Go Places: Careers in Travel and Tourism
Globalization is not a buzzword solely associated with international business. It has translated into a booming new career possibility: Expanded services in the travel and tourism industry.
According to the World Travel and Tourism Council (WTTC), the industry already is responsible for more than 10 percent of global employment. Brian White, PhD, director of the WTTC's Human Resources Center in British Columbia, says the field is incredibly diverse and comprised of seven major areas:
- Conferences and conventions
- Arts and culture
- Hotels, food and beverage
- Outdoor recreation
- Ancillary services associated with tourism.
With all this opportunity, where should you concentrate your efforts? Focusing on market demands may lead to more job openings.
On the corporate side, according to a piece on Hoover's industry trends online, the travel and tourism industry is in consolidation mode. This means that smaller companies are merging or being acquired by big players like American Express, Marriott and Carlson Wagonlit. So it might make sense to begin your career with one of the larger corporations, where you can gain exposure to many facets of the business while having relative job security.
An obvious trend is the increase in Internet service. The Web has created new and different career options for those interested in travel careers. Individuals can work for travel Web sites like CheapTickets.com, Orbitz and Travelocity.com.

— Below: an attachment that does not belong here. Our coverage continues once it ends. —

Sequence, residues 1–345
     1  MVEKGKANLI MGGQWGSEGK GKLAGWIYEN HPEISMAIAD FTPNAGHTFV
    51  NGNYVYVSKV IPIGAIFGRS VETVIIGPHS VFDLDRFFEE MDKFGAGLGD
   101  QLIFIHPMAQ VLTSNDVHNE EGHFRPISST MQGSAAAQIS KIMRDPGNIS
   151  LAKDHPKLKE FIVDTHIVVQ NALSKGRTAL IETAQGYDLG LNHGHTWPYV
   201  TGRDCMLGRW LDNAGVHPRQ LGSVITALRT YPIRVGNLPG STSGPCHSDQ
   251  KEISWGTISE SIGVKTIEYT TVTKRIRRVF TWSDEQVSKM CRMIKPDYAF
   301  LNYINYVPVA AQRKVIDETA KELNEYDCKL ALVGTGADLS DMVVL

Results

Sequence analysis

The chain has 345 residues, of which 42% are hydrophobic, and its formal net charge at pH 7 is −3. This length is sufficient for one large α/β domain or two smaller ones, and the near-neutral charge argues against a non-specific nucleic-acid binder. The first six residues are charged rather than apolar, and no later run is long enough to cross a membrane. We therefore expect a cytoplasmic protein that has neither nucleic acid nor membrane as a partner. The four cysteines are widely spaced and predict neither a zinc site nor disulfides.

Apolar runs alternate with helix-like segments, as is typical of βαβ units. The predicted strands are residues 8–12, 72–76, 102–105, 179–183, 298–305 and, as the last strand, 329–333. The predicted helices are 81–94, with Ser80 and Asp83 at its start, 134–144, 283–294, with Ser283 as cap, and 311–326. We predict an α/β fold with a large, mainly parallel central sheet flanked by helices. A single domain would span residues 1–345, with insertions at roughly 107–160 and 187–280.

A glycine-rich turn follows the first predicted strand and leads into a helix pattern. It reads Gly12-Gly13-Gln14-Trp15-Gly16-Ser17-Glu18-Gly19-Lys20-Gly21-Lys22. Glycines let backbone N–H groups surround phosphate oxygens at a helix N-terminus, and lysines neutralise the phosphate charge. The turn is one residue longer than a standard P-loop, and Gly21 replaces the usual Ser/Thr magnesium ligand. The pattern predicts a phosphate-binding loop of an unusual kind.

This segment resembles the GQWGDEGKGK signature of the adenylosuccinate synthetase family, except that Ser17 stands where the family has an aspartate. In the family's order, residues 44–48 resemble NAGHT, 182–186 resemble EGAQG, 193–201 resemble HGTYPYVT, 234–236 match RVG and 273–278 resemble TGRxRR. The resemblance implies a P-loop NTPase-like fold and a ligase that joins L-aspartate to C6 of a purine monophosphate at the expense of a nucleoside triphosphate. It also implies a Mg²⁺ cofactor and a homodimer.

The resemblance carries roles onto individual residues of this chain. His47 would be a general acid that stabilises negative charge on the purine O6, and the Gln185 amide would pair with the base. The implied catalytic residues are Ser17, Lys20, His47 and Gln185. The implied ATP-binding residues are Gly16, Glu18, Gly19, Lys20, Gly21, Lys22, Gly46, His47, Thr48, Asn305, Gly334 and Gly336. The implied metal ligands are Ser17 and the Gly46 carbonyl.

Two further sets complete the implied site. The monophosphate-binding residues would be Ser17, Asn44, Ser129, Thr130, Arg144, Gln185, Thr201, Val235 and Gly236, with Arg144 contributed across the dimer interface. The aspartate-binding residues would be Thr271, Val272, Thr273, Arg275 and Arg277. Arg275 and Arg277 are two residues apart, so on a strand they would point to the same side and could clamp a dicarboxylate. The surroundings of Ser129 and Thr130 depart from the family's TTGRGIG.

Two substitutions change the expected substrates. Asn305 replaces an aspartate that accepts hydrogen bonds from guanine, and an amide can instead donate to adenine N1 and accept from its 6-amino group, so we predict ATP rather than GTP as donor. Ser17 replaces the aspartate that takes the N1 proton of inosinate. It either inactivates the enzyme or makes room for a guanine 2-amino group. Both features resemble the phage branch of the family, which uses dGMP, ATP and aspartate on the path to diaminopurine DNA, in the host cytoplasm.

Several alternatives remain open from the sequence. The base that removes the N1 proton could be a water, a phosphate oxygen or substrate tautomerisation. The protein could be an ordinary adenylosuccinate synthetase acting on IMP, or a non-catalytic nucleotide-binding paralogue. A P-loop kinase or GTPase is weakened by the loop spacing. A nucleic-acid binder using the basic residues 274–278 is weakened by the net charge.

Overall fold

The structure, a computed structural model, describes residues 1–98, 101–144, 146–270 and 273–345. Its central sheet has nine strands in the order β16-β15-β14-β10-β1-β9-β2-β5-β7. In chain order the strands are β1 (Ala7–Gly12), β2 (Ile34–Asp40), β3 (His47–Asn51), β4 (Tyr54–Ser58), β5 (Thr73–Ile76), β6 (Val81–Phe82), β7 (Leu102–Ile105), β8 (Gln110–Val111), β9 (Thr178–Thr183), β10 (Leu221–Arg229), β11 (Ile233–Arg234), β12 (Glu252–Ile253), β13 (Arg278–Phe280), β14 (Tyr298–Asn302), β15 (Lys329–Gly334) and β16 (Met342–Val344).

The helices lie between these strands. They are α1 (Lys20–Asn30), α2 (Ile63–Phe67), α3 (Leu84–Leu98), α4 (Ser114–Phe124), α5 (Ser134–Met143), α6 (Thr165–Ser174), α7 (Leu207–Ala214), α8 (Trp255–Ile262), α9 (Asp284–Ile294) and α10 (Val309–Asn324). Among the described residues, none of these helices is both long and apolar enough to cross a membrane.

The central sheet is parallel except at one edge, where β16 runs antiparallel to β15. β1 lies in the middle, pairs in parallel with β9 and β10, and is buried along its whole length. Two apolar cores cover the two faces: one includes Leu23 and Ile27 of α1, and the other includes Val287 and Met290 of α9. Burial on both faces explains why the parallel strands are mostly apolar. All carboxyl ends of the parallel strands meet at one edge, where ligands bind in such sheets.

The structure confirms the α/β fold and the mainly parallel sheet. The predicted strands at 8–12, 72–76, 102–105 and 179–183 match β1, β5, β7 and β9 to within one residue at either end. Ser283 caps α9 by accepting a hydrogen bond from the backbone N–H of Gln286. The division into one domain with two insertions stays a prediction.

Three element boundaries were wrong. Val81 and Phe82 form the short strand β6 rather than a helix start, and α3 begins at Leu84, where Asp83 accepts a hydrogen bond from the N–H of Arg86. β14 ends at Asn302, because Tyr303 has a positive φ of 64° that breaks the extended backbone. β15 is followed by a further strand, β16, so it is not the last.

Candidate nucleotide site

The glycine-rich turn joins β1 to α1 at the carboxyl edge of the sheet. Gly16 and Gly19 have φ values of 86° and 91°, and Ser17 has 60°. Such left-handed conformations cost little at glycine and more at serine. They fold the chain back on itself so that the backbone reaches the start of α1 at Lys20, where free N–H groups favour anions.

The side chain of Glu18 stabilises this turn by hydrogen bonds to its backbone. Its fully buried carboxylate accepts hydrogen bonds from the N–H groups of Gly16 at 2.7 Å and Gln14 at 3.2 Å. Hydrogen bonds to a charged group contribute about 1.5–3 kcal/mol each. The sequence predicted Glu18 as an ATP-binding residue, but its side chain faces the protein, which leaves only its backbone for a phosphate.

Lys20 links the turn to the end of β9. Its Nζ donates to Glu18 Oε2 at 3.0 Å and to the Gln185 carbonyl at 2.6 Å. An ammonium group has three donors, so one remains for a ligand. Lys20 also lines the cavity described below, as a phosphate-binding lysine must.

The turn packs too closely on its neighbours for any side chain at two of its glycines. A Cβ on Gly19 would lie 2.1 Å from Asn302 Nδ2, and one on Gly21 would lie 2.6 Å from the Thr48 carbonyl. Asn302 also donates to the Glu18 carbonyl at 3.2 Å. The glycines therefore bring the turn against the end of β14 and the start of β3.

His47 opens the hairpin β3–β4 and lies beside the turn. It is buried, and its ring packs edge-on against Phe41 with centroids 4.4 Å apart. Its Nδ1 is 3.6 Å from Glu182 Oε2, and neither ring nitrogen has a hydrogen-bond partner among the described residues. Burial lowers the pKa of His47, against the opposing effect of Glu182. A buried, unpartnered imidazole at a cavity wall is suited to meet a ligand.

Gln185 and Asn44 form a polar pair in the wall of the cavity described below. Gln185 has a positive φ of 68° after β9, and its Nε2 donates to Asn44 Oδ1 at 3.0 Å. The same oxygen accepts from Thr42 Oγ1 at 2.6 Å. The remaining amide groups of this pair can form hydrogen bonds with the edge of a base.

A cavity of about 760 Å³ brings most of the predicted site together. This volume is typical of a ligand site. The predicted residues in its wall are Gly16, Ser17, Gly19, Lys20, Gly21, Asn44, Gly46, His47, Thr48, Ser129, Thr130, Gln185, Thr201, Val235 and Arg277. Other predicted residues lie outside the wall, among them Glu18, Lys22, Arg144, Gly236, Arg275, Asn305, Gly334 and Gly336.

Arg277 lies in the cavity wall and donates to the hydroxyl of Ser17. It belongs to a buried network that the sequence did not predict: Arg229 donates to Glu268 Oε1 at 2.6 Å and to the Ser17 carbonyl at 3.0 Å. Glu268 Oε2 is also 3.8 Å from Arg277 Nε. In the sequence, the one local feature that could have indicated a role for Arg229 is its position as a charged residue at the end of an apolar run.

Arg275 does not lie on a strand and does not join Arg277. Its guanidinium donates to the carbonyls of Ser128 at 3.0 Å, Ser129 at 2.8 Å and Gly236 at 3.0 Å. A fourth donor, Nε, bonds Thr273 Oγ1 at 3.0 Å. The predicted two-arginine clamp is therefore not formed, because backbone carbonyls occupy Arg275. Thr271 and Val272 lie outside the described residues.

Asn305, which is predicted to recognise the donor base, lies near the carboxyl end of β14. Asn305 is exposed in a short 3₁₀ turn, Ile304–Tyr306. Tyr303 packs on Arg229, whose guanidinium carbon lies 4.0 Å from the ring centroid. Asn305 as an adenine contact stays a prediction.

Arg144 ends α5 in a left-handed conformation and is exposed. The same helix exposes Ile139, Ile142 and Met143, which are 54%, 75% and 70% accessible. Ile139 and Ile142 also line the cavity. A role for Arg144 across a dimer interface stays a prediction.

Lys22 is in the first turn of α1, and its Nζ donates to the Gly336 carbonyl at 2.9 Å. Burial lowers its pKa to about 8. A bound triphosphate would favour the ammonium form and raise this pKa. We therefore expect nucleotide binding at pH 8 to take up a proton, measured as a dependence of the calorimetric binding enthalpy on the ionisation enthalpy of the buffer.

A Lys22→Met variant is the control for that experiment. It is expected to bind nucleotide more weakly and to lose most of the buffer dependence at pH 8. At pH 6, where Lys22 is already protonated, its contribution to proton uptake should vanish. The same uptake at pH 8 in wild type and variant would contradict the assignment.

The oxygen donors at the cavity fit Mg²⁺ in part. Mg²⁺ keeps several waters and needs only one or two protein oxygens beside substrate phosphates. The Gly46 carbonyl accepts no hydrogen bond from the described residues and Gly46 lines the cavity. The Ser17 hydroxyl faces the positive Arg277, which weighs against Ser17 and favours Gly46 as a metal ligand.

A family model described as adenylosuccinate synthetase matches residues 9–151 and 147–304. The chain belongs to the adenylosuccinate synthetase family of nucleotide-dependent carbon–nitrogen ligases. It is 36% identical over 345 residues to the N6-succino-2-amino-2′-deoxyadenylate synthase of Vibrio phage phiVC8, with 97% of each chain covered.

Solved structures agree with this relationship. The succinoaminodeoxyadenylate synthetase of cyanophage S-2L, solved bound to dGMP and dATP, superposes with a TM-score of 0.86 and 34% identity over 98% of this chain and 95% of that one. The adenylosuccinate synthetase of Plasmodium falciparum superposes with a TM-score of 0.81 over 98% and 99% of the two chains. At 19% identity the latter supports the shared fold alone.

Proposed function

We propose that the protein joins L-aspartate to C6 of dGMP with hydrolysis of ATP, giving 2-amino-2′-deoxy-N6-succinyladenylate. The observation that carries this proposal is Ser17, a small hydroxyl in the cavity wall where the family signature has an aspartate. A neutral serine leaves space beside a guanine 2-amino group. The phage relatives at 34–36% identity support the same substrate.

Additionally, journalists may see more travel writing opportunities available in traditional magazines like Condé Nast Traveler and National Geographic Traveler as well as online publications.
Characteristics for Success
This is a service industry, first and foremost, so you must have patience, flexibility and excellent interpersonal skills. Cultural sensitivity and awareness are critical, as tourism professionals deal with different countries and cultures.
Senior-level executives generally have MBAs and develop skills and competencies that can be transferred across sectors. Midlevel professionals need a mix of practical experience and academic credentials, according to White, who also teaches in the field. For example, individuals might work full-time in the travel sector while going part-time for an advanced certificate in travel and tourism.
Pros and Cons
One obvious benefit of working in the travel and tourism industry is the opportunity to actually hop on a plane and see many locales at low prices, or even gratis. Another benefit is the fact that it is an international field that changes along with global trends.
One of the downsides to the business, especially the hotel and restaurant side, is the long hours. Management must often work evenings and weekends. Individuals are often asked to move to a new
location without much notice.
Ethics and Tourism
White reminds us there is a strong set of ethics required in the field of tourism, noting the industry has profound economic implications for a country's economy and people. It is important for individuals to consider their responsibilities, he adds. Tourism is about more than making a profit; it involves benefiting local communities, creating jobs that provide fair wages and not exploiting the environment.
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